Monday, 21 April 2014

Simplicity thoughts

A friend on QuakerQuaker posted about her journey into simplicity.  I won't give her identity here in case she wouldn't wish it, or talk about the comment thread, because though QuakerQuaker isn't confidential, it is a context and Friends could reasonably expect what they said in that context to stay there.

But in reading about her explorations and reflections, I realized I’d formulated further conclusions of my own, which I wanted to share with you here for your consideration, as well as in the comment I left on QuakerQuaker.
The Friend on that site wondered how others find the peace amid increasing meaninglessness in modern day-to-day  life. She asked what brings us joy and peace, what we have let go of, and what we do to stay connected to Life.
And in reply I said the following.
"I have been fascinated by simplicity all my adult life, trying (and often failing) to find my way into a sustainable and realistic practice of simplicity. I've found plenty that are neither, and wasted a lot of time and money on them too.  Here are my findings so far:  
1) As they say, "blossom where you're planted"; I believe realistic and sustainable simplicity involves learning to live lightly within one's actual context, rather than complicating life by creating an alternative reality and oscillating between the two. 
2) Authenticity - truthfulness - creates simplicity. Restless aspirations, trying to fulfil the expectations of others, and wanting to be someone different complicate life badly. 
3) Wholegrains and vegetables promote simplicity because they diminish internal pendulum swings (which are exacerbated by meat and sugar).  Simplicity is strongly linked to interior peace, and so are whole grains and vegetables.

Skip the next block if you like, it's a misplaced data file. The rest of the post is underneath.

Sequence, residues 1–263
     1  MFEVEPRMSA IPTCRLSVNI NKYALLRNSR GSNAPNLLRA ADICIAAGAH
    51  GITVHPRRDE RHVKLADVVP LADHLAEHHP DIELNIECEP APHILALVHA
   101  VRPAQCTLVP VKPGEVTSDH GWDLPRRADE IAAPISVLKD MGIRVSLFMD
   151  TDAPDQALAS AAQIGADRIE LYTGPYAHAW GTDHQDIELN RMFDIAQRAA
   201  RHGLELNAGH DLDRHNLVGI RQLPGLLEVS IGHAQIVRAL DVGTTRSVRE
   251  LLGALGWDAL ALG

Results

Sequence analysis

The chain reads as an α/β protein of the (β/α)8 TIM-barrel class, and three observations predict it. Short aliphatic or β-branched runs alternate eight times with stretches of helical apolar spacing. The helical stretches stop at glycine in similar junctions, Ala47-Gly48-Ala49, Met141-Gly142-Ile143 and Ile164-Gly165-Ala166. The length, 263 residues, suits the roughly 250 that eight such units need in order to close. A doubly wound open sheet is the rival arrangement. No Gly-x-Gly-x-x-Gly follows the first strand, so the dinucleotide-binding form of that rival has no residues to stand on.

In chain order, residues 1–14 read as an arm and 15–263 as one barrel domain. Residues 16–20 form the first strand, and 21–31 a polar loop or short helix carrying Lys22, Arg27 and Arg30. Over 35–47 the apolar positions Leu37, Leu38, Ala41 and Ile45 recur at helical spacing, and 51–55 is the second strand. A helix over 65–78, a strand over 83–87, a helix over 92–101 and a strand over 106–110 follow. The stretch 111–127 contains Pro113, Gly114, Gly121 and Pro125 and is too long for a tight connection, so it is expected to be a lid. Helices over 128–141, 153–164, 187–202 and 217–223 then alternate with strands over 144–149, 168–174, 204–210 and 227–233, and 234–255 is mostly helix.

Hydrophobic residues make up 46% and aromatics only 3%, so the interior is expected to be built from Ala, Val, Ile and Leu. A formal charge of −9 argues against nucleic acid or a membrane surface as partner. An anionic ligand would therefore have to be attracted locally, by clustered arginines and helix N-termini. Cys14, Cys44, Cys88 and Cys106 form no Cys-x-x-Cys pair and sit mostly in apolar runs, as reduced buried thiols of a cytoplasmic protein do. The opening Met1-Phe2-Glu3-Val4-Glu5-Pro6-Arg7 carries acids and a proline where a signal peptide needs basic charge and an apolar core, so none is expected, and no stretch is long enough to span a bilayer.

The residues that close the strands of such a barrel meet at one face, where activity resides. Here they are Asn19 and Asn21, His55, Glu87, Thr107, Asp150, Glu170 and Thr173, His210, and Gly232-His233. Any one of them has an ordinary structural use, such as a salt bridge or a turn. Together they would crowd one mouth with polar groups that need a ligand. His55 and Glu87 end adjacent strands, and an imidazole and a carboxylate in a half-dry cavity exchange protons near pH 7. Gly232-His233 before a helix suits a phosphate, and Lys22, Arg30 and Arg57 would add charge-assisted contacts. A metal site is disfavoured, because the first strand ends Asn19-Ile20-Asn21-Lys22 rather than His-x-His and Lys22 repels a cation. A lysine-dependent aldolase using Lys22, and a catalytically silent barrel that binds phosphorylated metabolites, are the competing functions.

4) It takes a while to process assimilated information. Sometimes, in my search for simplicity, I get so much of information/ideas/opinions on board, so forceful, that it backs up and makes my mind sick - mental over-production. It occurs to me to limit information, but act on it. 
5) Of all the things that promote realistic and sustainable, honest simplicity, the best and most beautiful is sharing. The more we share the less we end up with. The less we have, the easier it becomes to share. Sharing is the most practical route into simplicity, and it generates joy. Simplicity is the only doorway into spirituality, sharing is the simplest route into simplicity. Sharing also helps safeguard against grabbing back - because others are now holding firm to what once was all your own."

When I did my 365 chuckout – my year of getting rid of at least one thing for each day – something I gave away (none of these things were sold, all were given) was a fishing chair, on Freecycle.  I treasured (and blogged) the email I received in response:
"Thank you very much for the fishing chair you have made our young son very happy as he has just started to go fishing with his Dad and he now has his own chair to sit on He’s actually having his lunch on it now. Nicky".

It gave me such delight – much more than ever the chair did or than the small amount of money I could have got by selling it. Sharing is the happiest way into simplicity. I recommend.